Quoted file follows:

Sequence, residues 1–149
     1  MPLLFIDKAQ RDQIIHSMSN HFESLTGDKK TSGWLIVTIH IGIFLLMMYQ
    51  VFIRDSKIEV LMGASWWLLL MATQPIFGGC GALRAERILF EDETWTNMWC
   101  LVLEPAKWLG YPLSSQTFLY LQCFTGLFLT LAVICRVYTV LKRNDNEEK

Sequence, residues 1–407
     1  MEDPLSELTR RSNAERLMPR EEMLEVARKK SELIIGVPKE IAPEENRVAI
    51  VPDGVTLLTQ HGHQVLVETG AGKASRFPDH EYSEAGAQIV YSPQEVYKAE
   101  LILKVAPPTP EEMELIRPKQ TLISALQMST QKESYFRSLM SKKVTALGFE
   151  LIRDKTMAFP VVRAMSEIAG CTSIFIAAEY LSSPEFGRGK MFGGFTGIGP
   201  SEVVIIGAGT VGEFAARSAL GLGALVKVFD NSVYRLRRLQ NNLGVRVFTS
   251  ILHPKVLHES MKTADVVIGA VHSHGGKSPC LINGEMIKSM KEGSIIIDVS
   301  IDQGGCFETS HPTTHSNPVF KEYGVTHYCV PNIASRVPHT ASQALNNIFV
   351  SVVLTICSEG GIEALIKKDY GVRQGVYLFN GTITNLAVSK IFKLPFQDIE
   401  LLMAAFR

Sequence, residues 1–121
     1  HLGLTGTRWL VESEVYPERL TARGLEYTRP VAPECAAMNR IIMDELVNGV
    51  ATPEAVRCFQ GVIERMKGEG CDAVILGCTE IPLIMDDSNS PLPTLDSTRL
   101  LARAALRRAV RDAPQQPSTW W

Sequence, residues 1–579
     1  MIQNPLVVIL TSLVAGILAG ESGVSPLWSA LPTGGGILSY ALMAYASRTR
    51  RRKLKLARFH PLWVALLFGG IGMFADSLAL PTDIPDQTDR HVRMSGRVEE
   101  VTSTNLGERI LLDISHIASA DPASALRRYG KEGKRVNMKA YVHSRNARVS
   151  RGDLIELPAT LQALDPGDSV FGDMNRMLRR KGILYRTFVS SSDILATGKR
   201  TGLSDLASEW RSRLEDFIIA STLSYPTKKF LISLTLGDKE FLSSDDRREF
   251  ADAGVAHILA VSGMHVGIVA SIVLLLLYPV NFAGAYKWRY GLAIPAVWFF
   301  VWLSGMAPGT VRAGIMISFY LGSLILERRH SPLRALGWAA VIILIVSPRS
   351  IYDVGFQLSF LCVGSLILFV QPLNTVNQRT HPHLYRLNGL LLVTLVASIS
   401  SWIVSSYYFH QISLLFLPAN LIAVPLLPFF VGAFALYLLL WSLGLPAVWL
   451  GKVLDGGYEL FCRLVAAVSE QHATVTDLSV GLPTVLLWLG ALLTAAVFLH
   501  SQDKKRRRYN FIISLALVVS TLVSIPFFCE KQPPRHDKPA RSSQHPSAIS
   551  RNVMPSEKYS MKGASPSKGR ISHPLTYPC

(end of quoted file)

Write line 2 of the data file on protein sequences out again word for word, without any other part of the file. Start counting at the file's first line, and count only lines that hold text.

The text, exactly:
     1  MPLLFIDKAQ RDQIIHSMSN HFESLTGDKK TSGWLIVTIH IGIFLLMMYQ